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Taxpayer funds for homeless new arrival students included in grant expansion

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(The Center Square) – Illinois House Bill 5407, subject to appropriation, expands the permitted uses of funds received from the Education of Homeless Children and Youth State Grant Program. The bill passed both chambers and can now be sent to the governor.

The Illinois State Board of Education wants 25% of the appropriation for administrative costs instead of 5%. State Sen. Steve McClure, R-Springfield, supported the bill despite concerns about high administrative costs.

“Within this legislation there is an administrative cost, which is 25%, which is roughly $4 million,” McClure said during floor debate. “Why is there this excessive $4 million amount that has to go to administrative fees?”

The bill sponsor, state Sen. Adriane Johnson, D-Buffalo Grove, said that ISBE came up with the percentage. The bill says grants shall be made to school districts based on the percentage of students experiencing homelessness in the district. School districts with over 100 students can apply for grants.

“Normally I would never support an administrative fee at this level but ISBE, and they’re the experts on this, they tell us they need more funds to add more liaisons for this program. Right now, there’s only one liaison handling the school districts throughout Illinois and this will provide the funds to hire additional resources for additional support for this program,” said Johnson.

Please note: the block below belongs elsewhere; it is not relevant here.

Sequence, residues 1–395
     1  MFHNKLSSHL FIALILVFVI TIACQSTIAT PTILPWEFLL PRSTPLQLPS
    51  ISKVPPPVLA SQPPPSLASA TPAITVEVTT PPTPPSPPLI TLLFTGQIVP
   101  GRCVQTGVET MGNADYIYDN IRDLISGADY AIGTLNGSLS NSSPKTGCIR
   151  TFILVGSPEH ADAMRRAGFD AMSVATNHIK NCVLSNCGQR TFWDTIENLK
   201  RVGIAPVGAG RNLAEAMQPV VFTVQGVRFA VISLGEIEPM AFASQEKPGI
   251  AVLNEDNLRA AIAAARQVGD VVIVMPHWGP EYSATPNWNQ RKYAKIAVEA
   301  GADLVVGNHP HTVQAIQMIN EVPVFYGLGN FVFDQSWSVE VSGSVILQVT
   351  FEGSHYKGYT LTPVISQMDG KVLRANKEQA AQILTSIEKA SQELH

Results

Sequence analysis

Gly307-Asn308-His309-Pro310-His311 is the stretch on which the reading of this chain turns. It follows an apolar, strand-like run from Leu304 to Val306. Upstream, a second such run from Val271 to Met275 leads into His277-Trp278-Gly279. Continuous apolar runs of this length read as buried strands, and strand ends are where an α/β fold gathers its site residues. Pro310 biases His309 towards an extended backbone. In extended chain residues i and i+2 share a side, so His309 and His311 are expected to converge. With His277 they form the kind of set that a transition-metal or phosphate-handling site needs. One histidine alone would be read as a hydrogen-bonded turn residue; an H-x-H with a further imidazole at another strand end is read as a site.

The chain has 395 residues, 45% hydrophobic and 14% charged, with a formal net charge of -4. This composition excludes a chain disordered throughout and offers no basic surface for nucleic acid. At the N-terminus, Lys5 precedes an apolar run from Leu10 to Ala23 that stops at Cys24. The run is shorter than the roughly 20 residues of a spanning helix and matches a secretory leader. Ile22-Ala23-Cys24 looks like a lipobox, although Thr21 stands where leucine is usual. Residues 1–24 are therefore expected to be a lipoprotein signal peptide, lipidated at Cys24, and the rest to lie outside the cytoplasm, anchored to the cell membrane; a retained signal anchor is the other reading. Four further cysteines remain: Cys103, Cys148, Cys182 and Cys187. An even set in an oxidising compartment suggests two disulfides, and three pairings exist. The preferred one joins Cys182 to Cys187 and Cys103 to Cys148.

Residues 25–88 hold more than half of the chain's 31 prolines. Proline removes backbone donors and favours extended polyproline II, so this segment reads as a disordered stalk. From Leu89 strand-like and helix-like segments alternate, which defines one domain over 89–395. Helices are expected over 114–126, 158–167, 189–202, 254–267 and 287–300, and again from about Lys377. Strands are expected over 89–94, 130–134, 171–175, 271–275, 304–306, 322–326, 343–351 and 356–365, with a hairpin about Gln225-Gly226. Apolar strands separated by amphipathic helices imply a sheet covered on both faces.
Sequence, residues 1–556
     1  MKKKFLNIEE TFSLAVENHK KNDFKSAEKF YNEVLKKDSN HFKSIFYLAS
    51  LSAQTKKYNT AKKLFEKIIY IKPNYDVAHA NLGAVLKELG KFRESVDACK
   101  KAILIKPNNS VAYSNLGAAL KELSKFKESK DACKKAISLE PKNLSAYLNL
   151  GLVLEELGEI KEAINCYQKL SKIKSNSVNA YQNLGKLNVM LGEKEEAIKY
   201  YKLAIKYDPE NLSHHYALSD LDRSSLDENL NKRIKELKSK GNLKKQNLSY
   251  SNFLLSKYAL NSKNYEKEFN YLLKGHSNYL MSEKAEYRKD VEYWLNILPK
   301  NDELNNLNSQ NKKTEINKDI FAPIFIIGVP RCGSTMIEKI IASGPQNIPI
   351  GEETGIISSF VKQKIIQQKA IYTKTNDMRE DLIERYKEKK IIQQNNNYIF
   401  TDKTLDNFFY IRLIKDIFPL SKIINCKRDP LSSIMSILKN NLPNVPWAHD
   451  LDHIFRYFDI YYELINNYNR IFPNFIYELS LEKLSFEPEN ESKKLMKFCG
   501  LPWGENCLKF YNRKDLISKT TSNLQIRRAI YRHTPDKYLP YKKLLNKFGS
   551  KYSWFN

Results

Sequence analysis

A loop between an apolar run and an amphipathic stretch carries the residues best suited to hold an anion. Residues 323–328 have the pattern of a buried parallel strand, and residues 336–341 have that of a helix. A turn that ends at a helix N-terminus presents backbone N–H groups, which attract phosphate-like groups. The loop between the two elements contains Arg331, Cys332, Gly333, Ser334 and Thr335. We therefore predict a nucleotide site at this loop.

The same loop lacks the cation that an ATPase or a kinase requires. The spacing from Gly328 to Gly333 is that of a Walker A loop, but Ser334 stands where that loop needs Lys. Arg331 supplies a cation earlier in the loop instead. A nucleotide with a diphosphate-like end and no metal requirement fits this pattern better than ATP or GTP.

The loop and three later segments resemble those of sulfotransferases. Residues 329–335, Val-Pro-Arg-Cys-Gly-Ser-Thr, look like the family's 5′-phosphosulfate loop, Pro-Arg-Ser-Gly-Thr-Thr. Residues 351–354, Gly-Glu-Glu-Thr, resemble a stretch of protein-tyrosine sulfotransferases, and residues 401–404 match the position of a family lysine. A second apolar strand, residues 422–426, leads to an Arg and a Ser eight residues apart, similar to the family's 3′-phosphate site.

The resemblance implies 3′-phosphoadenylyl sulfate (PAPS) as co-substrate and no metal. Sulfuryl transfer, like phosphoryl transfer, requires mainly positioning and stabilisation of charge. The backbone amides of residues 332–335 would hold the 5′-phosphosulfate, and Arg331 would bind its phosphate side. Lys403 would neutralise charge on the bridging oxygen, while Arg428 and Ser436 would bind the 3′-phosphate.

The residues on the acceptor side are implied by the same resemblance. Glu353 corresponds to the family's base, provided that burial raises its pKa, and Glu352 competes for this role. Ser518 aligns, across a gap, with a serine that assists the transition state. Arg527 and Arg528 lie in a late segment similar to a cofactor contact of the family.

If signed by Gov. J.B. Pritzker, school districts would be permitted to use grant funding for rental assistance, transportation, emergency shelter assistance, case management services and other housing strategies.

McClure asked if the funds school districts receive can be used to serve non-citizen students. Johnson said the bill aims to provide additional support for students already in the public education system.

“If there are any students who are new arrivals and they are in the system, they can certainly take advantage of this system,” said Johnson.

Chicago Mayor Brandon Johnson has issued migrant shelter stay limits. Migrants who are eligible can receive an extension. If migrants enroll their children in CPS, that could result in an extended stay at one of the near 25 migrant shelters. As of February 2024, 12,438 migrants in 24 shelters across Chicago were being cared for by the city, according to city data.

McClure voted “yes” on the bill that now heads to the governor’s desk for further action. Nine senators voted “no.”

“Despite my reservations about the cost, I do want to make sure to help the homeless kids of this state and for that reason I encourage a ‘yes’ vote,” said McClure.

Pritzker’s budget proposal in February did not include an additional $35 million to support migrant students that the Illinois State Board of Education had requested in the budget proposal it submitted in January.

State Rep. Fred Crespo, D-Chicago, has House Bill 2822 and House Bill 3991, which would allow the board to create a $35 million New Arrival Grant program that would give funding to schools to aid migrant students. Crespo’s bills remain in committee.